County Asked For Pension Changes Months After Loss

Months after a pension investment backed by subprime mortgages went bust, Baltimore County officials asked the County Council to pass changes to pension regulations barring those same types of investments.

County Budget Director Keith Dorsey asked the council to approve the changes in January 2008—months after a $21 million investment in Mainsail II LLC failed to pay off as expected.

Still unclear is whether or not the council was informed of the failed investment at the time that they were being asked for the changes.

There are no news reports citing a failed investment from the time.

There are also no minutes from the meeting that shed light on Dorsey’s testimony. The council ultimately passed the resolution on Jan. 22, 2008.

County Executive Kevin Kamenetz was chairman of the council at the time. Don Mohler, a spokesman and chief of staff to Kamenetz, declined to comment on the issue and said the county executive would not answer questions about his recollections of that 2008 meeting because of pending litigation.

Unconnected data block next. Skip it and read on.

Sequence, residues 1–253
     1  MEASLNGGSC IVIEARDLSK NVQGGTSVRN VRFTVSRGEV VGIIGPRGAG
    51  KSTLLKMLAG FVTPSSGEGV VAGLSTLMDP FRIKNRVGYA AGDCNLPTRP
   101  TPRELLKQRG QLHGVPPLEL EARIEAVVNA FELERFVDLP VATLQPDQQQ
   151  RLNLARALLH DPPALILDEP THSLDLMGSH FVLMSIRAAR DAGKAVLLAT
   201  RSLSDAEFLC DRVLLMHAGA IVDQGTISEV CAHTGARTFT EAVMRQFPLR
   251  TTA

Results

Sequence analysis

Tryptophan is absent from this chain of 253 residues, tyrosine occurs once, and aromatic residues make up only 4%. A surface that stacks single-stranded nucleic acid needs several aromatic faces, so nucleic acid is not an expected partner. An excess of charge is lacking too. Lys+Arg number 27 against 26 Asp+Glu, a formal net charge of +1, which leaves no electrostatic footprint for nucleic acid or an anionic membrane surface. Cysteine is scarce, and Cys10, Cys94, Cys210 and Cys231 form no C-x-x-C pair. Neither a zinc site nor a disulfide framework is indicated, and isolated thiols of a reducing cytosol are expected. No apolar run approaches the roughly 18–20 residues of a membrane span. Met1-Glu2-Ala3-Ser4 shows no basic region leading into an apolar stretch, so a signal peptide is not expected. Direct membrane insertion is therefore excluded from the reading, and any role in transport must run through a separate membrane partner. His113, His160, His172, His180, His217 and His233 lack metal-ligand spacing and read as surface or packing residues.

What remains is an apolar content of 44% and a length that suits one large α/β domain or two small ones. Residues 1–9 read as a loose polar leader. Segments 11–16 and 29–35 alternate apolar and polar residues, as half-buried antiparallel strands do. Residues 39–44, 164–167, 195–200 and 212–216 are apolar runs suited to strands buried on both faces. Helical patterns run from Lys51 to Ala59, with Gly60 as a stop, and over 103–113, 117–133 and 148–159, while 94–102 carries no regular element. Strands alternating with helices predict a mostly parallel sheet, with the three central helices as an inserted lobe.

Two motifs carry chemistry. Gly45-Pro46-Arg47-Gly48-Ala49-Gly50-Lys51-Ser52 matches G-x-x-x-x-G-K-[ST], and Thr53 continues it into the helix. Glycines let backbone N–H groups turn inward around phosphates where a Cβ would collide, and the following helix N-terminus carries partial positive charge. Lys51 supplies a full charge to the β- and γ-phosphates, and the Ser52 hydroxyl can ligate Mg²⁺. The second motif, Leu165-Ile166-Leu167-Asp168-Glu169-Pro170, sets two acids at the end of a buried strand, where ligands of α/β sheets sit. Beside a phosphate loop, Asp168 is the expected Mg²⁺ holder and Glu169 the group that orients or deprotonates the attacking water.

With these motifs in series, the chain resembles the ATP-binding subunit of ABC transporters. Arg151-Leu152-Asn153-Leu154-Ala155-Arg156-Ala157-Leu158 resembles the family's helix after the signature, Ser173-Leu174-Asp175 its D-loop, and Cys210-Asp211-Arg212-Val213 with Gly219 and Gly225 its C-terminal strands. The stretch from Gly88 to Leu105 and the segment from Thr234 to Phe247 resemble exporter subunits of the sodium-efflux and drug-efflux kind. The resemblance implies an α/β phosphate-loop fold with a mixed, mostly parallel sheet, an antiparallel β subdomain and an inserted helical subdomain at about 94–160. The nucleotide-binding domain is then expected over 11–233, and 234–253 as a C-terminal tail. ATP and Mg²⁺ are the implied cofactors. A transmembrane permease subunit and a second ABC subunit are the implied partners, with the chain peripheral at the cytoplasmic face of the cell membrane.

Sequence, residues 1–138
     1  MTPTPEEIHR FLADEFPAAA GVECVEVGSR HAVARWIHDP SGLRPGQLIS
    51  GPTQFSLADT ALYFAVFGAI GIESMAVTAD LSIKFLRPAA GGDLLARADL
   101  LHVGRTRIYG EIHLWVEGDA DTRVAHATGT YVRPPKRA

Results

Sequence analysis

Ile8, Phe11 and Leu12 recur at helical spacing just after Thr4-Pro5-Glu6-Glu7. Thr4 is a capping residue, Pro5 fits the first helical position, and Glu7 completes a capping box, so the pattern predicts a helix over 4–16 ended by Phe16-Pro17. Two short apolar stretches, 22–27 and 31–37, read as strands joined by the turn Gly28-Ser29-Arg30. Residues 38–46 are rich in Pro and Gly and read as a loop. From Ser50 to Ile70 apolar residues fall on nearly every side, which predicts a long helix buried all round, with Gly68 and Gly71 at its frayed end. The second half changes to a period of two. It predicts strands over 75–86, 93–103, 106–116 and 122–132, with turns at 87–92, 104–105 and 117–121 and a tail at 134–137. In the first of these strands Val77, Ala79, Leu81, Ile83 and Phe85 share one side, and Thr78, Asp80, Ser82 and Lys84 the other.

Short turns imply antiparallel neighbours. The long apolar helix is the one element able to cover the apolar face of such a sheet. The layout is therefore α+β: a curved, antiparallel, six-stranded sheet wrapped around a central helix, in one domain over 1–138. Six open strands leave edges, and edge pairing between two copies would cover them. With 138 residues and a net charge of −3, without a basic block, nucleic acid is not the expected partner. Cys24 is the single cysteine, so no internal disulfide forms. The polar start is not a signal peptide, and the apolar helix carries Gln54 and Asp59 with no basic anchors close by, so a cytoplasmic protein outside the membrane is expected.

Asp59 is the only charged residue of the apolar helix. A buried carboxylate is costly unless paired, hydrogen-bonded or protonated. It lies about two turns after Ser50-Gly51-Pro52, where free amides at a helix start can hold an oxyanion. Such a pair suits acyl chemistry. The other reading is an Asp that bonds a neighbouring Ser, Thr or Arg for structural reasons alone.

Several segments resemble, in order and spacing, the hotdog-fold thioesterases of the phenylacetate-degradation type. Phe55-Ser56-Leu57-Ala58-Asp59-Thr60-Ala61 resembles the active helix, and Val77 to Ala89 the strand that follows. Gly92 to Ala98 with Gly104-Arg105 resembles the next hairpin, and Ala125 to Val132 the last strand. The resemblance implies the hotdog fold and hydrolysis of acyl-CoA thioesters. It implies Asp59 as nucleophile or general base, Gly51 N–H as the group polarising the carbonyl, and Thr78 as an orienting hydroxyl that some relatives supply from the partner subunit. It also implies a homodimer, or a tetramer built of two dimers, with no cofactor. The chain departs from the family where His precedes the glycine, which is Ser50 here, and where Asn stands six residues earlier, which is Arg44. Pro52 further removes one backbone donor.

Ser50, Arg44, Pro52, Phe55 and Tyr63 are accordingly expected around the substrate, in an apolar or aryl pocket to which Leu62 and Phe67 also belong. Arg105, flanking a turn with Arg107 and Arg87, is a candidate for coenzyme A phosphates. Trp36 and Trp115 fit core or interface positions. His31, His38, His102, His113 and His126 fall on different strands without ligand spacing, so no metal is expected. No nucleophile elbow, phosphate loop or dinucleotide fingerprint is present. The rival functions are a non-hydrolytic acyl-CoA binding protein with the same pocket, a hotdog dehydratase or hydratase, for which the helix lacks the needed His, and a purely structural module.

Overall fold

One key section of the regulations bars the county from directly purchasing investments that include “asset-backed paper, commercial paper with a final maturity date that is extendible at the option of the issuer, and derivative investments,” according to sources who spoke to Patch on condition of anonymity because they were not authorized to speak about the failed investment.

Another key provision is the creation of an investment board made up of Dorsey, County Administrative Officer Fred Homan, county Investment Administrator Robert Burrows and a contractual financial adviser. Sources say the new committee was created in order to provide the type of oversight that was previously missing that may have allowed the bad investment to occur in the first place.

Dorsey and other county officials met in secret Monday with four members of the Baltimore County Council to discuss the Mainsail II LLC investment and a possible lawsuit against Merrill Lynch, the company that sold the investment to the county.

The meeting was not previously announced to the public and council members and county officials who attended have all declined to speak about the subject citing attorney-client privilege.

The issue resurfaced this week after the county asked the council to approve a contract to hire outside counsel to pursue legal action against Merrill Lynch. The county asked for quick passage of the contract citing an impending statute of limitations deadline.

The fund is already the subject of a federal lawsuit brought in 2010 by King County, WA.

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